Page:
Great sourcebook for when you need extra mature options for the villains your players are going to face. While the appendix does give you options for...moreGreat sourcebook for when you need extra mature options for the villains your players are going to face. While the appendix does give you options for playing such villains, I think the options were designed with NPCs in mind.
It packs in lots of options, some of the interesting ones include two new subraces, lots of evil spells, your typical assortment of feats, and new magical items; all themed with evil and horror. There's also background, stat blocks, and plot hooks for the demon lords of Abyss and the diabolic rulers of the Nine Hells.
Some of the poorer bits include the small section on new monsters. I think it's minor and uninteresting enough that they shouldn't have bothered, and used that space for fleshing out the other sections.
The prestige classes were pretty poor I think. The majority of them were meant to be themed to their respective demon lord or devil prince, but I didn't find them coherent or thematically interesting.
What I would have liked to see more was more evil ideas and hooks. For example, the options on drug use and torture was useful, but would have been better if ideas on how to use them were also present.
Overall though it's a great resource for options you could throw in sparingly into your campaigns, even if you don't want to deal with the subjective morality questions raised in the book.(less)
A large anthology of four novellas set in four different worlds that shares a common theme - dragons.
The first is in the Forgotten Realms and deals wi...moreA large anthology of four novellas set in four different worlds that shares a common theme - dragons.
The first is in the Forgotten Realms and deals with the infamous duo of Artemis Entreri and Jarlaxle. I've already read this in another anthology and while I enjoyed it then, it was recent enough that I didn't reread it. It provides great backstory on how these two got entangled in Damara.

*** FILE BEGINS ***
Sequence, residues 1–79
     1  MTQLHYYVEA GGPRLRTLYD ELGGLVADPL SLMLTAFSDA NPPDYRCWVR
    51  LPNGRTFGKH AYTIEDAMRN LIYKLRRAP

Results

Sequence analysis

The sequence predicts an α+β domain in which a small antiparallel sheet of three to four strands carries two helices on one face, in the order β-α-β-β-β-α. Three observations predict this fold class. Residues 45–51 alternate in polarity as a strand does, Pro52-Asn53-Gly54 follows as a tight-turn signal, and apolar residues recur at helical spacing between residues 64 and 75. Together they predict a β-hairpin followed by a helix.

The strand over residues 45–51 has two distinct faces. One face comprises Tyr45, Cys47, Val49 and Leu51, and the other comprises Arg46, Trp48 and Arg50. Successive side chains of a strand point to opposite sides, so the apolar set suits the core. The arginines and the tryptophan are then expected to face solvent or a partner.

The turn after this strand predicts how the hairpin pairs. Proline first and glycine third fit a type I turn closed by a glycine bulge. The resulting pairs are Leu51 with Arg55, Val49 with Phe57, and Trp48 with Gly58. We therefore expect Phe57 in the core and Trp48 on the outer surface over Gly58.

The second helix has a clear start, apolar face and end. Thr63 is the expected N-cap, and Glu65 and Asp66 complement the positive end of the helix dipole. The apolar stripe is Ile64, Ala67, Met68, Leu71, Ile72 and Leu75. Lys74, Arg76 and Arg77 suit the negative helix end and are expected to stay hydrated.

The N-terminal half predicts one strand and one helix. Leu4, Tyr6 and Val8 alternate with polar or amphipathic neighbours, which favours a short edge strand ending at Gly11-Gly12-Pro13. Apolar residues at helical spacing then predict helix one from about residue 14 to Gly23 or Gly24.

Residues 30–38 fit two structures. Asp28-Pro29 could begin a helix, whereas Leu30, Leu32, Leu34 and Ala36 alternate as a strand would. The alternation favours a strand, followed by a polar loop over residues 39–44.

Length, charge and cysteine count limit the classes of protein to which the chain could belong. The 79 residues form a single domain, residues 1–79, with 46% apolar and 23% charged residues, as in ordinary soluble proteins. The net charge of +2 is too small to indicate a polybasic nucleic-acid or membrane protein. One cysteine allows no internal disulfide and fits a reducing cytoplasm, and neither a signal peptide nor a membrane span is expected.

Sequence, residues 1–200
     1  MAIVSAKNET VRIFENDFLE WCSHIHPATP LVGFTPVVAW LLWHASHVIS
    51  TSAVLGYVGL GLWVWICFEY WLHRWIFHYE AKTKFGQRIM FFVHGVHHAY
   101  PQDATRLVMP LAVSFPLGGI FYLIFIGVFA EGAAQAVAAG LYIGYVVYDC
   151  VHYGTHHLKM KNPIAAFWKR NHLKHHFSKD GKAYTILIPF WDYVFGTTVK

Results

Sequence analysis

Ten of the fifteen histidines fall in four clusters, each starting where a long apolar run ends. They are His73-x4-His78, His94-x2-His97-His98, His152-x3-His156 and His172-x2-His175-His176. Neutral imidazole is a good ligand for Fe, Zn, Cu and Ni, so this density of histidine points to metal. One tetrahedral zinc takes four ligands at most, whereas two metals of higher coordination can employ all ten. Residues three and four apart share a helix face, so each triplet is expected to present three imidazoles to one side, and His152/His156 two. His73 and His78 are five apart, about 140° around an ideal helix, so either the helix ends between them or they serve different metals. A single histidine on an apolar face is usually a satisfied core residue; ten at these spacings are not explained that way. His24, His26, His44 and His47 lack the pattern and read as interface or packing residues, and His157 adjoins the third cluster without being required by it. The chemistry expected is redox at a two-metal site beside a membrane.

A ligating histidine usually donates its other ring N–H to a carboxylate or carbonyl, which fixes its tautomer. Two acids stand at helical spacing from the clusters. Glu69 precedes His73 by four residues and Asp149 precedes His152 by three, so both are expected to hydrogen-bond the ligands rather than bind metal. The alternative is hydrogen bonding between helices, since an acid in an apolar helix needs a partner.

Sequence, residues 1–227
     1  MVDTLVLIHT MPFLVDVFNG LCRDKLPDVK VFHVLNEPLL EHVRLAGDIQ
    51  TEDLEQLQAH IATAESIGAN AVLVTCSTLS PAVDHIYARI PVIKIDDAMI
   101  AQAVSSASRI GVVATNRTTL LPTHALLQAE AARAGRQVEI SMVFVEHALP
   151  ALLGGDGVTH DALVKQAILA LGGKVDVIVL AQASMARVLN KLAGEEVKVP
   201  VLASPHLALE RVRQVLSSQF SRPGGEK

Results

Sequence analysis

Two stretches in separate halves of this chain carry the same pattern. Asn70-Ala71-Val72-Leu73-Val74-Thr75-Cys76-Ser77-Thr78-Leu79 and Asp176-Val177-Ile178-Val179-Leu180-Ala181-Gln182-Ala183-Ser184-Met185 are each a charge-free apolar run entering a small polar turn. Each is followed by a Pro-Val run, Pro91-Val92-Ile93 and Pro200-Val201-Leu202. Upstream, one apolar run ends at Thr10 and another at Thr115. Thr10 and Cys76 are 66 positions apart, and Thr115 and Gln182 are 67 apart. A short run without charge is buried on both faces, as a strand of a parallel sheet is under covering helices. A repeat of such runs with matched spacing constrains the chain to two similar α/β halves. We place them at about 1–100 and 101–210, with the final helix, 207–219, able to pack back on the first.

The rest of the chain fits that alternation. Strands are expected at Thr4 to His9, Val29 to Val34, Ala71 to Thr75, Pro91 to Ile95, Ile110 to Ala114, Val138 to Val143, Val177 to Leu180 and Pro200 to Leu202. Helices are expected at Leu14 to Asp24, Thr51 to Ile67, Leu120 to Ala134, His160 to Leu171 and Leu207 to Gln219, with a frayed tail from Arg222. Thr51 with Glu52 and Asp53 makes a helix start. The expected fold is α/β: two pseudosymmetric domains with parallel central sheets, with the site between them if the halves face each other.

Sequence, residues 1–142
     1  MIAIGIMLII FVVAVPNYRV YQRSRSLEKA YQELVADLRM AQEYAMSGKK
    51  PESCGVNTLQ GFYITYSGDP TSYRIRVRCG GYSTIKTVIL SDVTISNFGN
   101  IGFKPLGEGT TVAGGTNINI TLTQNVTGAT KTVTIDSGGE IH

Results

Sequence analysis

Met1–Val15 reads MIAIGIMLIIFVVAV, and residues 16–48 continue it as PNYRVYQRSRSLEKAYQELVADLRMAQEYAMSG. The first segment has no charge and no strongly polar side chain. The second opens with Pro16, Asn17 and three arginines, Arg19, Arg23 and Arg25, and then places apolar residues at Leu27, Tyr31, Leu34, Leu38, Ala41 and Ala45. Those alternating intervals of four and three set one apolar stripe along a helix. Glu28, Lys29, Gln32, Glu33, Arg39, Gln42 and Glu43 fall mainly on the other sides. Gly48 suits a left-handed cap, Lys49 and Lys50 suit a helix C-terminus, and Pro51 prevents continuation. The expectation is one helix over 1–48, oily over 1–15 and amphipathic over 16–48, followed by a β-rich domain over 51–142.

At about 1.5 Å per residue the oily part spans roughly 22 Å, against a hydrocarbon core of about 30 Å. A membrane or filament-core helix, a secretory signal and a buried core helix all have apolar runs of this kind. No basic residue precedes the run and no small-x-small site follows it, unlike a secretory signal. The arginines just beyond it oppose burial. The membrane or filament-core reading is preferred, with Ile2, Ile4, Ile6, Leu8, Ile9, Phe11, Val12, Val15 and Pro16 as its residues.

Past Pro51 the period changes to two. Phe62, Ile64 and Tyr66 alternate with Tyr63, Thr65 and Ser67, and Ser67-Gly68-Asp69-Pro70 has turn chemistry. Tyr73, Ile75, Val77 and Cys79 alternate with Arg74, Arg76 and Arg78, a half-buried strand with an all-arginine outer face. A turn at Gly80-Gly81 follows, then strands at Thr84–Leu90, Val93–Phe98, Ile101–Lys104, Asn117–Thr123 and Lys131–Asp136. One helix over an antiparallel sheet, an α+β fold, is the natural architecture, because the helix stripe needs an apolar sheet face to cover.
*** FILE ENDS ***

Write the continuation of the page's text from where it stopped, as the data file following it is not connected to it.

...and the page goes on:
The second was not enjoyable at all. Weis and Hickman put Tas on the forefront of a comedic adventure... again. There's only so much kinder antics one can take in a lifetime I suppose. There's little here that hasn't been similarly done before, which made it rather boring.
The third is by Baker, set in the city of Sharn, in Eberron. This was an interesting read, and features rather engaging and likeable protagonists. And I got a little surprise by the plot, which was... well, a pleasant surprise.
The final novella is set in Dominaria, but the exact location is unknown (or at least, not to me). This one was rather enjoyable as well and features one of the more interesting antagonists in the myriad worlds of Magic: the Gathering. (less)
Great stuff for those looking for a lot flavour and information on the Realms. It offers ideas and background feats to flesh out a character's back st...moreGreat stuff for those looking for a lot flavour and information on the Realms. It offers ideas and background feats to flesh out a character's back story.